In “A Different Key: The Story of Autism,” authors John Donvan and Caren Zucker chronicle the decades-long struggle of families to obtain an accurate diagnosis and treatment for children with autism. The authors discuss their book Feb. 9 at Town Hall Seattle.
A 560-page history of autism sounds intimidating, but fear not. “In a Different Key: The Story of Autism” by John Donvan and Caren Zucker (Crown, 560 pp., $30) takes an accessible approach that sheds much light on this human condition.
The book is essentially the history of advocacy surrounding autism, an effort that moved the mysterious “disorder” from the period when a label was first put on it in the mid 20th century to a well-known cause that now attracts celebrities to its major fundraising events.
This advocacy has been carried out mostly by the parents of children who are autistic, fathers and mothers desperate to both understand what has happened to their sons and daughters, and to get them effective medical and psychiatric care.
John Donvan and Caren Zucker
The co-authors of “In a Different Key” will discuss their book at 7:30 p.m. Tuesday, Feb. 9, at Town Hall Seattle, 1119 Eighth Ave. Tickets are $5 at townhallseattle.org and at the door beginning at 6:30 p.m. Information: 206-652-4255.
In 1942, Leo Kanner, a child psychiatrist at Johns Hopkins University, used the word autistic in a letter to the mother of Donald Triplett of Forest, Miss., to describe the behavior of her son, his first recorded use of the term. To get to that point, the Tripletts had struggled against contemporary attitudes that such children were best placed in institutions, that they were a danger to society and perhaps not fully human.
Most Read Entertainment Stories
- Everyone’s Irish for Seattle’s St. Patrick’s Day Parade and Irish Festival | Weekend Highlight
- ZooTunes announces first five shows in summer concert series
- Set in Seattle, but mostly filmed in L.A.? How 'Grey's Anatomy' spinoff 'Station 19' does it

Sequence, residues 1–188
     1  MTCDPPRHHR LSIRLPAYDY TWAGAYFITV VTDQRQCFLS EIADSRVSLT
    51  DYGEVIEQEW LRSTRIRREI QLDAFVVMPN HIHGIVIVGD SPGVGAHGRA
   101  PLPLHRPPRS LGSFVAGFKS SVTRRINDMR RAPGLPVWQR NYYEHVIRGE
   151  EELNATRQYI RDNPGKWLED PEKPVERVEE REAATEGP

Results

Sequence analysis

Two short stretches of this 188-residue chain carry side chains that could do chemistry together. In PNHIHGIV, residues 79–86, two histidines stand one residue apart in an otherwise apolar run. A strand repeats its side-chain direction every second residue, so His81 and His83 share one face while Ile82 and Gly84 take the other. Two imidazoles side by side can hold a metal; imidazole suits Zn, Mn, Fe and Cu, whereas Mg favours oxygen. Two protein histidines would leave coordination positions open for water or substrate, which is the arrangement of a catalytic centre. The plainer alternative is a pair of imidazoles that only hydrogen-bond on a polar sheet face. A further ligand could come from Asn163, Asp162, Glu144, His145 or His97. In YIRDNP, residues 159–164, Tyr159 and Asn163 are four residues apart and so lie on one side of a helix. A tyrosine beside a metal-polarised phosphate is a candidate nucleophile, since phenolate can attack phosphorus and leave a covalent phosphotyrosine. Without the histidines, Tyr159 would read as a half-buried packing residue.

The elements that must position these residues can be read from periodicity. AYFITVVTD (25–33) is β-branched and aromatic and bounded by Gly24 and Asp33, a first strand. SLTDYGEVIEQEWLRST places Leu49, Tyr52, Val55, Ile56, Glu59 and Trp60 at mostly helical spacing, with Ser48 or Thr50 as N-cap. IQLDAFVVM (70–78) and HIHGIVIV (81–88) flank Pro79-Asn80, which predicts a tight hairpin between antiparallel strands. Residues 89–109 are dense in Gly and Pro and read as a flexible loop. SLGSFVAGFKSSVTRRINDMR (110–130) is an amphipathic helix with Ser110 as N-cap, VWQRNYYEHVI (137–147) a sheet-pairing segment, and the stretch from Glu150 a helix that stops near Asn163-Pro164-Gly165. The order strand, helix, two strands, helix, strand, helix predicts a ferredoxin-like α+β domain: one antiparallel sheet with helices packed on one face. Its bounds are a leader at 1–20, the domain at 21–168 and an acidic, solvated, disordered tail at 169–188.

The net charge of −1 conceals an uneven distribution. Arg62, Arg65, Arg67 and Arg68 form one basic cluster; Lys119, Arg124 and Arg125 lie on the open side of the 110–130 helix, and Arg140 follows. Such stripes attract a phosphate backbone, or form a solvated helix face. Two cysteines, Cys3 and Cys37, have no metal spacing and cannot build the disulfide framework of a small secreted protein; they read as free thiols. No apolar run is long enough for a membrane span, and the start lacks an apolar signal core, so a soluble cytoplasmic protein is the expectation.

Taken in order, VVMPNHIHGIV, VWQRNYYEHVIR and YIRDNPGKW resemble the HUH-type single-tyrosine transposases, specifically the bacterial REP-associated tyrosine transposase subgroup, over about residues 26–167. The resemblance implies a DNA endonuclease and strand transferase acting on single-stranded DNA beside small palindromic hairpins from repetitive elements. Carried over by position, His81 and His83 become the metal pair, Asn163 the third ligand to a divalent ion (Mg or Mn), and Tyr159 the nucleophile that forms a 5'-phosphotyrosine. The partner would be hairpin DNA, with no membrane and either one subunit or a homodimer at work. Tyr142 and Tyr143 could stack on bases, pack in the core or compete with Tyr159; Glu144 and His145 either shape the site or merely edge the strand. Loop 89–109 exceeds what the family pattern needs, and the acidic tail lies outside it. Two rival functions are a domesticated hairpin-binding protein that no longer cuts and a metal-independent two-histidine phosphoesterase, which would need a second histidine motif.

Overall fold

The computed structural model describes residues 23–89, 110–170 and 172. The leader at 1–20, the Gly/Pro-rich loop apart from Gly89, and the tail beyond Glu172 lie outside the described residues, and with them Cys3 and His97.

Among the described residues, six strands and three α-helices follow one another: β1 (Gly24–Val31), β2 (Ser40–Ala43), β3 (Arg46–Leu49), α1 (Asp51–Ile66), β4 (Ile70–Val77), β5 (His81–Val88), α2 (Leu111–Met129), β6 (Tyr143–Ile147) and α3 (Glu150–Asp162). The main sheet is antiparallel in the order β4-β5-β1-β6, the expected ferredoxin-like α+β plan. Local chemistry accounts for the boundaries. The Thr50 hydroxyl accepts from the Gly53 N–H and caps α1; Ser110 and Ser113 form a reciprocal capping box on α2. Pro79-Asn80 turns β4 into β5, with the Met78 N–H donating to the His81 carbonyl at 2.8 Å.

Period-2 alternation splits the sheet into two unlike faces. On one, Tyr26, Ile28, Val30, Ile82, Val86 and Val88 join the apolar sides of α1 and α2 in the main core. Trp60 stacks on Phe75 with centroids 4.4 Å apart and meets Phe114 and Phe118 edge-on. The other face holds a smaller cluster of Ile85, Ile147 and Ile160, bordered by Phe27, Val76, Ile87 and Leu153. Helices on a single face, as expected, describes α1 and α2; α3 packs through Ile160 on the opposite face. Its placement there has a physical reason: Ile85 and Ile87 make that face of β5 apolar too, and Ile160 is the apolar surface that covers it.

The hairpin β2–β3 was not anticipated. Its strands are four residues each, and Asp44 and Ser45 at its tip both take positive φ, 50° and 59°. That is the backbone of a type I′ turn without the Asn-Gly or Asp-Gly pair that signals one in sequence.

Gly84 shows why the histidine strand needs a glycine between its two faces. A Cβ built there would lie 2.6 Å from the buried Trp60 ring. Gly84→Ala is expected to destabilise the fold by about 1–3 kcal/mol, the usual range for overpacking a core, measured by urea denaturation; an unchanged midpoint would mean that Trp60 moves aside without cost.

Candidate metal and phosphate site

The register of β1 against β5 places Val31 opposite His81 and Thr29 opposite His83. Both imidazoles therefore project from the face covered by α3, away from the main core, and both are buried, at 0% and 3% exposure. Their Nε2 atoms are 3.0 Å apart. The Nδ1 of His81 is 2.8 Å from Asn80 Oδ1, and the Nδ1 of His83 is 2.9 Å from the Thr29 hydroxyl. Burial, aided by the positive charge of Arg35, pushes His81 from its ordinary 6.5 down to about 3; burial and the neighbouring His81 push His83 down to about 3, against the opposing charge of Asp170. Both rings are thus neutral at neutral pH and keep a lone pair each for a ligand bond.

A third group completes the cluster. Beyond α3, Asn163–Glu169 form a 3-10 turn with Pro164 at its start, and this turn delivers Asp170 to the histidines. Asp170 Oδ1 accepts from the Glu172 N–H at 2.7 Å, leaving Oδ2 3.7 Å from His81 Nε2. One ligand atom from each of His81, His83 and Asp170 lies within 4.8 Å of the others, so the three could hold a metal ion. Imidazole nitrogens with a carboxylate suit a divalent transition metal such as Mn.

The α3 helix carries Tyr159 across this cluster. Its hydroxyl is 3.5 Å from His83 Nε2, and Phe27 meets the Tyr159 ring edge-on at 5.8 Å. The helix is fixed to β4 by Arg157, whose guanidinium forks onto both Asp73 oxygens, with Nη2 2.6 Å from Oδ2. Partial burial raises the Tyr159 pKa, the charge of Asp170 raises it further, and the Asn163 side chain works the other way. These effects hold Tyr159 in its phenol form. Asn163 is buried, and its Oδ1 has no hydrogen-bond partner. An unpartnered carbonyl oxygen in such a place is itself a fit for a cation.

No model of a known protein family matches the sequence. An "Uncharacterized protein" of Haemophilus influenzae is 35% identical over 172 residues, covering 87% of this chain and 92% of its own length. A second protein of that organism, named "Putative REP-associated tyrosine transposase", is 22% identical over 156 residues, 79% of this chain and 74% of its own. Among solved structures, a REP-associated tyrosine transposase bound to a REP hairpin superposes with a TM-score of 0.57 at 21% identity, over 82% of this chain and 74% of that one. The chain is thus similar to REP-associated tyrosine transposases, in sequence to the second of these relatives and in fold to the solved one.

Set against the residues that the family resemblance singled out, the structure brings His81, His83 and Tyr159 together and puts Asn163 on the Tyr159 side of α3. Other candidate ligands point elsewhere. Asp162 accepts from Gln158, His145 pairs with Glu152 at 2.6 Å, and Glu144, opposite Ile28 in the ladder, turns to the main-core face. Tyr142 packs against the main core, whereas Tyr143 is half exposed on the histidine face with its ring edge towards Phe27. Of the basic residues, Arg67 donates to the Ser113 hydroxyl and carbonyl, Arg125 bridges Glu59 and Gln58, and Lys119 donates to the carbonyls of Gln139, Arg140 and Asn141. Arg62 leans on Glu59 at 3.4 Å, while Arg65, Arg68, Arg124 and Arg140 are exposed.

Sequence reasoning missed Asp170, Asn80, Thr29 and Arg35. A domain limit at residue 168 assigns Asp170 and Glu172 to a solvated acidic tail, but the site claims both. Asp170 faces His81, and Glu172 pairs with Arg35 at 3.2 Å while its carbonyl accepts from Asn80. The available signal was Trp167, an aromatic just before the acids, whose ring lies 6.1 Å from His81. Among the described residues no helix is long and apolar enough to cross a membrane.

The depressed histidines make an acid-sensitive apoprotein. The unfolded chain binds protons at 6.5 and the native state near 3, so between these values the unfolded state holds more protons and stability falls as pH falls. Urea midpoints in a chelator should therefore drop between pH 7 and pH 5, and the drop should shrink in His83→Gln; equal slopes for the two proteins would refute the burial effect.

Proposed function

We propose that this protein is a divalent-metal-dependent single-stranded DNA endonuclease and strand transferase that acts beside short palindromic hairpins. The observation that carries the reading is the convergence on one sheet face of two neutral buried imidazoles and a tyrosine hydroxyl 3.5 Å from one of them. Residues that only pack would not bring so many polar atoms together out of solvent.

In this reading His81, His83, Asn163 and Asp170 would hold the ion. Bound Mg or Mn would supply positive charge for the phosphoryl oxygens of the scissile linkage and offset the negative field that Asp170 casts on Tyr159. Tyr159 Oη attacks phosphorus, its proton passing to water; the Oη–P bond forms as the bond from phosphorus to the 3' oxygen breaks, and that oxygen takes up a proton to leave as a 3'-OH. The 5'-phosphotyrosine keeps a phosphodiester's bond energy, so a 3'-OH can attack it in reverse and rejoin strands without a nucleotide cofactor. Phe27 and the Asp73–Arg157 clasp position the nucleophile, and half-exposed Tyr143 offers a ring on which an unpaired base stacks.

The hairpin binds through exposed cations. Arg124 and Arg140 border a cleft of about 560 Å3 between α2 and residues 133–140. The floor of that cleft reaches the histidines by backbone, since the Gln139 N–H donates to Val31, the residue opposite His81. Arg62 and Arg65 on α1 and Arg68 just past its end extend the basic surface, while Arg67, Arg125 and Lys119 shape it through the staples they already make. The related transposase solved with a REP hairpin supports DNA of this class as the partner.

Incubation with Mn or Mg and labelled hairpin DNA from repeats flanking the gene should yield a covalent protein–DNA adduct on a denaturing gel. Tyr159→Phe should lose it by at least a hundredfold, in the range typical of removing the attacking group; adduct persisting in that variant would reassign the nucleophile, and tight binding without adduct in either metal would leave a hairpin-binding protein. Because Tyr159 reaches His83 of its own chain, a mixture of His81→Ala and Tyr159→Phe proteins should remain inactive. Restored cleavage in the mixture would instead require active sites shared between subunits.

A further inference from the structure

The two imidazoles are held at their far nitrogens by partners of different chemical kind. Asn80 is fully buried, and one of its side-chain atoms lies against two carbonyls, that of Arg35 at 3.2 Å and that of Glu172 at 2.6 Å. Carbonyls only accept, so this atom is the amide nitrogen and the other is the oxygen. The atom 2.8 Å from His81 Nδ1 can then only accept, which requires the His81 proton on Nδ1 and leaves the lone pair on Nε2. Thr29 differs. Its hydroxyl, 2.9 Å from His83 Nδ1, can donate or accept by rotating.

- Upstream releases complete 2018 lineup
- 7 movies open March 16; our reviewers weigh in
Thousands of parents, family by family, would repeat this struggle, eventually organizing into groups to engage in a continuing fight for an accurate diagnosis for their children, for a place for them in schools and for research to find a cause, a treatment and a cure.
Then the organizations started fighting each other.
Some aligned with doctors who described autism in a particular way, and with psychiatrists, neurologists and educators who would treat these children accordingly. Others found different experts to back. Theories about autism’s cause were offered, discredited and abandoned. A hero one day could become a villain the next.
The work of Hans Asperger, an Austrian pediatrician also suspected of cooperating with the Nazis, grew into a separate diagnosis for people who had traits of autism but were not as shut off socially as were those with “real autism,” a term used by some families caring for severely affected children — and adults. In 2013, the Diagnostic and Statistical Manual of Mental Disorders eliminated Aspergers as a separate diagnosis, finding Autistic Spectrum Disorder a more helpful description that encompassed several behaviors.
Claims made for the cause of autism also fell in and out of favor. Probably the most infamous is Andrew Wakefield’s 1998 now-discredited paper contending that vaccines were to blame.
Even the prevalence of autism has been the subject of dispute. Starting in the 1990s, autism began to be described as an epidemic, but a look at the numbers finds that claim sunk in “statistical quicksand.”
In telling the struggle to make the general public aware of autism, the authors recount the history of this condition. Not in dry clinical terms, but through the human stories of those raising autistic children, of those trying to treat, study and research it and those who are autistic. Some are quite happy, thank you, to be left alone with their neurodiversity and don’t consider it a disorder to be cured.
The authors rely heavily on teasing readers on to the next chapter, making encompassing statements followed by staccato versions of “then everything changed.”
That broadcast style is to be expected from Donvan and Zucker, the two ABC television correspondents. Both have personal experience with autism: Zucker as the mother of a son with autism and Donvan through his wife’s brother.
The teaser device may be overused, but it is effective in drawing the reader on through 560 fascinating pages.